The warm summer months helped buoy restaurants, according to new data shared exclusively with Axios, but the outlook for the coming months is less optimistic.
Driving the news: OpenTable, a popular reservation system, reports that the number of diners at Colorado restaurants is down an average of 6% through Aug. 9 compared to the same point in 2019.
- Context: Though negative, the number reflects a steady rebound from the beginning of this year, when reservations were down at least 75%.
Yes, but: The COVID-19 Delta variant on top of the approach of colder months are threatening 2021's gradual bounce back. In 2020, OpenTable data shows reservations decreased starting in September and continued to suffer through this February.
What they're saying: The Big Red F Restaurant Group's Dave Query said he anticipates a winter like last year's and the need for businesses to get creative with outdoor dining, to-go food and more.
- The upside is restaurants now have pandemic experience: "We are doing our second tour of battle here. We know how to wear a mask and we know how to keep people safe."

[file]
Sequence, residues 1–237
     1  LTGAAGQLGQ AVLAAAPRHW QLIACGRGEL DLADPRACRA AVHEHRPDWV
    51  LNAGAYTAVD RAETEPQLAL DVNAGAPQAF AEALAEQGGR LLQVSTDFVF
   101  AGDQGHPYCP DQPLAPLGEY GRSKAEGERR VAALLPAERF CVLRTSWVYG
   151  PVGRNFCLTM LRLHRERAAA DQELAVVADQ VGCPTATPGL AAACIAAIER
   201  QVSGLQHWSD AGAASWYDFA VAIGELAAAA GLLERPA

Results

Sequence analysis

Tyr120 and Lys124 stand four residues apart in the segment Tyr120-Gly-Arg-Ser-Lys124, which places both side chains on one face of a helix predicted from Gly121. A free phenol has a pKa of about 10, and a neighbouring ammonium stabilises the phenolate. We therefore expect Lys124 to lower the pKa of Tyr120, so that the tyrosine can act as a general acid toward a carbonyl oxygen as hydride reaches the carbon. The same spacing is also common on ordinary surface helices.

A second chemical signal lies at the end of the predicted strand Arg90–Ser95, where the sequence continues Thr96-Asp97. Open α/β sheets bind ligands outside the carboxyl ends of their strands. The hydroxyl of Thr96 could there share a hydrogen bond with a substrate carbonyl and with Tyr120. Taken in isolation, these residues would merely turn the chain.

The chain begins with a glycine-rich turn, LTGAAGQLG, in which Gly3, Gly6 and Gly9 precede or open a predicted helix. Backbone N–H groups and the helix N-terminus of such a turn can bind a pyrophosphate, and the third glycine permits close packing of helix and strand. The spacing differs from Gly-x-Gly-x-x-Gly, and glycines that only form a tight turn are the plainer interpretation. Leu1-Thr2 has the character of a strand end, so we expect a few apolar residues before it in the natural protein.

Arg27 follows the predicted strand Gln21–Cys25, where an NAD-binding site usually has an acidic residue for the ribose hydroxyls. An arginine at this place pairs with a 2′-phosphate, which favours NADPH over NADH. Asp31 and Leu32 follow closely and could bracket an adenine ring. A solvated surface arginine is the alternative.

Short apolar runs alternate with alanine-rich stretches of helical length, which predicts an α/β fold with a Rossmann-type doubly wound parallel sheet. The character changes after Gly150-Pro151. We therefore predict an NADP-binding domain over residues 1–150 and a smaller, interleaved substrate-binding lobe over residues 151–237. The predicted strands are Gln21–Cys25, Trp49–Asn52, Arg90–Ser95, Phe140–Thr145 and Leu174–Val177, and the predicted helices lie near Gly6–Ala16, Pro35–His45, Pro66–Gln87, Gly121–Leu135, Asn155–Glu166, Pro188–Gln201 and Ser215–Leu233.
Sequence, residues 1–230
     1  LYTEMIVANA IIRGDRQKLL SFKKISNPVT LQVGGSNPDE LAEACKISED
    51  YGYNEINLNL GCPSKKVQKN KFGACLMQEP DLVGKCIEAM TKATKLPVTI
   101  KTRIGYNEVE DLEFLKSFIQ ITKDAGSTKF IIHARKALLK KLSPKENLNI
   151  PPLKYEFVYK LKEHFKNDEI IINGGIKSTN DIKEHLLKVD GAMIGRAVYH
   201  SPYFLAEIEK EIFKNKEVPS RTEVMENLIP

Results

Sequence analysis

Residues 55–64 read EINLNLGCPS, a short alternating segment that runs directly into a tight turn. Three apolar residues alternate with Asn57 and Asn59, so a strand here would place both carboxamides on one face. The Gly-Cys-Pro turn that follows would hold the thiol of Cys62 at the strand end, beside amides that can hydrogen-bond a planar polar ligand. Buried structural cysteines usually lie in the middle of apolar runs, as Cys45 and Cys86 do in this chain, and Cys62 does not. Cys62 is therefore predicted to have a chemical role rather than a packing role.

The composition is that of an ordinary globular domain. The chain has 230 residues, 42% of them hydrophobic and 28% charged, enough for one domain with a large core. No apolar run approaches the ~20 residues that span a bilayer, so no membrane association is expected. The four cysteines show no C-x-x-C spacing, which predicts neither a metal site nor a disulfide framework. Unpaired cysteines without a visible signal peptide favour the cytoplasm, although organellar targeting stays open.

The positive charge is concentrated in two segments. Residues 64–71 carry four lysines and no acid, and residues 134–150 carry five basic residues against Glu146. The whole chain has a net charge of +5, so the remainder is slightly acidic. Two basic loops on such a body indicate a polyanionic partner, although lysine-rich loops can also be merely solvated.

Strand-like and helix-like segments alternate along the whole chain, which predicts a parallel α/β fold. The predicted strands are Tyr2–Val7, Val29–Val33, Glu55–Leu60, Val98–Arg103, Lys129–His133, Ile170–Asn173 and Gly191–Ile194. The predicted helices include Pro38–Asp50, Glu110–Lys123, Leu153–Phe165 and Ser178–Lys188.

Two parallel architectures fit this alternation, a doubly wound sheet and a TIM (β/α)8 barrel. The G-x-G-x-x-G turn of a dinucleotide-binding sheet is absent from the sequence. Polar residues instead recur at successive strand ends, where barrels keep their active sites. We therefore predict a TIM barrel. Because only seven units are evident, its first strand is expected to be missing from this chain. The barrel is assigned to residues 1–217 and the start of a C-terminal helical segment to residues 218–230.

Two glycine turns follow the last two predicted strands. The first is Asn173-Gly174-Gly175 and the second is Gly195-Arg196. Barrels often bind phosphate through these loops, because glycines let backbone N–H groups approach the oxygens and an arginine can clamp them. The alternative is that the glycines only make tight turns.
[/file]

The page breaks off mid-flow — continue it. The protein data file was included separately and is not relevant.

Between the lines: The summer boost in business would be even larger if it weren't for a labor shortage, restaurant industry leaders say.
- The COVID-19 pandemic is forcing restaurants to close certain days or turn away customers because they don't have adequate staffing. Others have closed completely.
Worth noting: The Colorado Restaurant Association found in a survey conducted this summer that two-thirds of its restaurateurs accrued pandemic-related debt.
The bottom line: "As we move into the colder months, restaurants need our patience and empathy as they rebuild their teams and continue the work of keeping their employees and guests safe and well-fed," association president Sonia Riggs said in a statement to Axios.
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